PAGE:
Another Real Good Deal

ANOTHER REAL GOOD DEAL

by Roger Crewse September 1971

Coolstone had been chosen! It was another one of those real good deals. A T-bird target mission. It was for the middle of the night, medium to low altitude, out over the Atlantic, in what looked like very marginal weather. Coolstone had been chosen often for these real good deals – deals which always seemed to gravitate toward Blue Three and below. Filling his back seat had been a problem for a while. So many pilots suddenly went on sick call the Flight Surgeon came down to the squadron to see what was happening. He ran into Coolstone right off – in the squadron lunch room.

“What’s going on down here?” asked the Doc. “I’ve had more people on sick call these last two days than all of last month. They’re all pilots and they’re all from the squadron.”

“Must be a virus,” answered the Rock “Everyone I’ve asked to fly with me in the T-bird has developed it shortly afterwards.”

“Hey,” said the Doc, “I could use some of that T-bird time; if you need a back seat filled, I’m your man.”

“Great,” said the Rock, “that solves a problem for us. It’s a target mission; we stage out of Westover, recover at Andrews, then come back here.”

“I’ve been meaning to go on one of those,” said the Doc, obviously not understanding the problem. “When do we leave?”

“Wheels up at 1000 hours tomorrow, Doc. Briefing at eight thirty. Can you make it OK?”

“Sure,” said the Doc, “if this darn virus outbreak slows down some.”

Now the Doc was not only the Flight Surgeon, he was also an experienced private pilot. He flew regularly with the squadron in the B model and the T-33. He generally kept himself well abreast of the flying operation. Coolstone, therefore, was not a bit reluctant to have him on board, and besides he wouldn’t have to split the front seat time.

The next morning at about eight, the Doc showed. He found the Rock who was flight planning the mission. “I got away earlier than I thought I would,” said the Doc. “You know that virus that I was talking about yesterday that only affected the aircrews? Well, it must have been 24-hour bug of some type. Nobody was on sick call this morning. How about that?”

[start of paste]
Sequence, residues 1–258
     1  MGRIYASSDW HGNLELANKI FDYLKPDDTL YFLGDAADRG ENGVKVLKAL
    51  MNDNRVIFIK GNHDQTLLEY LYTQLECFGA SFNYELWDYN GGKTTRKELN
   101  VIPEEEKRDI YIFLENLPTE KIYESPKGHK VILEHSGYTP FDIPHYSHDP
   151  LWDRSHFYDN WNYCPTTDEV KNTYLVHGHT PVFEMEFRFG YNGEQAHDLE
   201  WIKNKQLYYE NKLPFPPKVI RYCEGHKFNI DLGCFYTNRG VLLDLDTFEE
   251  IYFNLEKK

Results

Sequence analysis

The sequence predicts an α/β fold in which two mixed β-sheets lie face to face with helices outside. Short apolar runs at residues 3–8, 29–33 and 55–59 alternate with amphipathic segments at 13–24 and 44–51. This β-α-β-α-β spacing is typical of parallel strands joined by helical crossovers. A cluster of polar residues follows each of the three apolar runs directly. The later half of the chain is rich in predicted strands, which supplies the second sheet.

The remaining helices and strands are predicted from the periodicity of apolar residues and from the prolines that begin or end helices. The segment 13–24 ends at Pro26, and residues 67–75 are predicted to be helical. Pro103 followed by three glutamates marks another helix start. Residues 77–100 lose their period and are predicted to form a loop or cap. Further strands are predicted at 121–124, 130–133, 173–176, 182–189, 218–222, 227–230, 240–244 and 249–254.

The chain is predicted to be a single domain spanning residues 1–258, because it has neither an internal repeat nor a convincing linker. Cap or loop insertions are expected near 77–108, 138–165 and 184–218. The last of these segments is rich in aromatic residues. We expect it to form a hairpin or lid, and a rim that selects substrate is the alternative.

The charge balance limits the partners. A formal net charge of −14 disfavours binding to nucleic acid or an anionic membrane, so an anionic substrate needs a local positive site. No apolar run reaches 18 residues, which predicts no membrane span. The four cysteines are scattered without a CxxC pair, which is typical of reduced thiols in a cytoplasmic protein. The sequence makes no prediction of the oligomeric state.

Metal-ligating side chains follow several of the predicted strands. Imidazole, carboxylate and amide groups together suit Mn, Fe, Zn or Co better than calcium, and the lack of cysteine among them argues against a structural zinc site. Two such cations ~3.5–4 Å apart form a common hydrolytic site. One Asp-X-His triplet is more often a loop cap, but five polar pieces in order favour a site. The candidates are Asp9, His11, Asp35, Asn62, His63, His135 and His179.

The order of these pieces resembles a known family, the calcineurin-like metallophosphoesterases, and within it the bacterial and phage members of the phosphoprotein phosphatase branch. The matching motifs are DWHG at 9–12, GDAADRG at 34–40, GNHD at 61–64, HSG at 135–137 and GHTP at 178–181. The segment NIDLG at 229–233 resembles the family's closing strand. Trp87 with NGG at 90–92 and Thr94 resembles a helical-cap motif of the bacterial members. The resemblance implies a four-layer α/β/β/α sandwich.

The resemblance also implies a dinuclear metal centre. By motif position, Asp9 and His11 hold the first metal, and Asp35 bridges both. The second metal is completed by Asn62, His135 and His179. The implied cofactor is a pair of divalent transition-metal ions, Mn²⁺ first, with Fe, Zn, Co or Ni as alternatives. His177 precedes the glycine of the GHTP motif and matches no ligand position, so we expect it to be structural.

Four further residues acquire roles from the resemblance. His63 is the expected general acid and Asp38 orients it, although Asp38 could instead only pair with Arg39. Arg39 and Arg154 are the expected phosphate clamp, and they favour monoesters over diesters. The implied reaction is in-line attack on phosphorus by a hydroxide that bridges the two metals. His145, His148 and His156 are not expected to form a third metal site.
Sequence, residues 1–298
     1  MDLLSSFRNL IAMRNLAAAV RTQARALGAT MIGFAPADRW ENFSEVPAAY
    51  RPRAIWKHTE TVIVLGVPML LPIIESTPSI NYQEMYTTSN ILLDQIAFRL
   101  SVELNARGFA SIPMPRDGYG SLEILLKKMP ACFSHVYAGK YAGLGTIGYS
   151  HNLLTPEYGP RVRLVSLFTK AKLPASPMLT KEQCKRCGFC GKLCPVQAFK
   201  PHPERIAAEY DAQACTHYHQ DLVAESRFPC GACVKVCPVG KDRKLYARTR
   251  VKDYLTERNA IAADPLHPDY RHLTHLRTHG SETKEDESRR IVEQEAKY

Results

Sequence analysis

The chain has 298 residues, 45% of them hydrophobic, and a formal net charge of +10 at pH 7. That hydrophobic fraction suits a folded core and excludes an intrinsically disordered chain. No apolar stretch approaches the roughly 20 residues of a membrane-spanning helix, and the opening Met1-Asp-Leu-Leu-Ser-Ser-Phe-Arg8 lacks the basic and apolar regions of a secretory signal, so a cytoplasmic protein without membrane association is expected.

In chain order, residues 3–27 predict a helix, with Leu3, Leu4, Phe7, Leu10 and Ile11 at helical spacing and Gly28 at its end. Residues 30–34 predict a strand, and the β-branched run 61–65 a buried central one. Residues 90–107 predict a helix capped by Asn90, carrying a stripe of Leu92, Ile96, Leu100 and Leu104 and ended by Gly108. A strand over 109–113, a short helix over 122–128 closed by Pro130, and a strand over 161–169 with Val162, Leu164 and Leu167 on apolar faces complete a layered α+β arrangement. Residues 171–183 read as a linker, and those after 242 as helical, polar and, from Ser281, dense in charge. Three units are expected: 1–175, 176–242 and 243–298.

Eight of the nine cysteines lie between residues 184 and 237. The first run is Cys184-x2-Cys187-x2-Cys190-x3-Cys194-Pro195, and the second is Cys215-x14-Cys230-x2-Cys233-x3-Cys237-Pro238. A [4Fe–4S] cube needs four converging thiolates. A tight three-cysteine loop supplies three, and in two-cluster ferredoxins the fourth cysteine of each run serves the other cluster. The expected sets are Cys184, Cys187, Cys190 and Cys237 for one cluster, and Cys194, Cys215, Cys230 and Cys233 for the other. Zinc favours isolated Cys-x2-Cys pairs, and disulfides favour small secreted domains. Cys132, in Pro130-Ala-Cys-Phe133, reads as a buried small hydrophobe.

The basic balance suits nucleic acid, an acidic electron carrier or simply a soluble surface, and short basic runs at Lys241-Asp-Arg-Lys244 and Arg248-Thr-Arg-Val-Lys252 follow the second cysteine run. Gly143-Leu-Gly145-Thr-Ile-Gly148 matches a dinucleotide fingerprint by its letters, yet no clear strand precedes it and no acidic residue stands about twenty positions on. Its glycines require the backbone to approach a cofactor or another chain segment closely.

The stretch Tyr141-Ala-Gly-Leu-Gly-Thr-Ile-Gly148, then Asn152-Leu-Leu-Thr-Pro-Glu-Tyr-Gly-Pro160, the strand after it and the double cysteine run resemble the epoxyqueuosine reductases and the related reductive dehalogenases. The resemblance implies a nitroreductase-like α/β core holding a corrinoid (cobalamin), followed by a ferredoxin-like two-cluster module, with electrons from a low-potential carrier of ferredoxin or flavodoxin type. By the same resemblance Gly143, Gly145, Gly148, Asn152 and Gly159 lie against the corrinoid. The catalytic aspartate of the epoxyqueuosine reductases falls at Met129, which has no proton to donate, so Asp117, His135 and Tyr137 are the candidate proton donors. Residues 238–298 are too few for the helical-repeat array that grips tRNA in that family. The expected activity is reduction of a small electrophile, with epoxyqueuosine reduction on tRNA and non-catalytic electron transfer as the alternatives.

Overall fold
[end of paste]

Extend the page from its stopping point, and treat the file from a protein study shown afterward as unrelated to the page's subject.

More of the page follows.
“Strange,” said the Rock, “I noticed a lot more people around this morning, myself.”

They arrived at Westover a little before noon as did the rest of the six target airplanes from other ADC units which were participating. The air crews gathered around the flight planning table in Ops and planned their individual target routes. They checked forecast weather which was still a bit marginal, but mission take off time was still almost eleven hours away.

As they finished their preliminary planning, Coolstone found the Doc and said, “Let’s have lunch.” This was readily agreed to by the Doc. It wasn’t quite that simple, however because the dining facilities were closed for cleanup. The Doc was then introduced to the standard target pilot’s lunch-potato chips, beer nuts, and cokes-after which the two of them departed for the Q for their mandatory eight hours of restless sleep.

At 2200 hours the Rock awoke. “Come on, Doc, get your rompers on and let’s get something to eat.”

The Doc grumbled unintelligibly about beer nuts ruining his digestive system, but he finally got moving. They went down to the Q office to call for transportation. While waiting, Coolstone asked the clerk on duty where the best place would be to get a meal. After shuffling through his bulletins and staring off into space a bit, the clerk allowed that the last dining room closed for cleaning at 2100 hours.

“No sweat,” said the Rock, “we’ll get a candy bar down at Ops.”

The Doc paled visibly.

At Base Operations, suited up now, Coolstone called target control for final go no-go on the target mission. The target control officer told him that there was a weak cold front stretched from Canada down the eastern seaboard causing low ceilings in the northeast, but the weather at the target area and at the recovery bases was good. The word was Go.

Coolstone then strolled over to the base forecaster for just a bit of preplanning on the trip back to Loring from Andrews.

“What do you think Loring will have about four or five this morning?” he asked.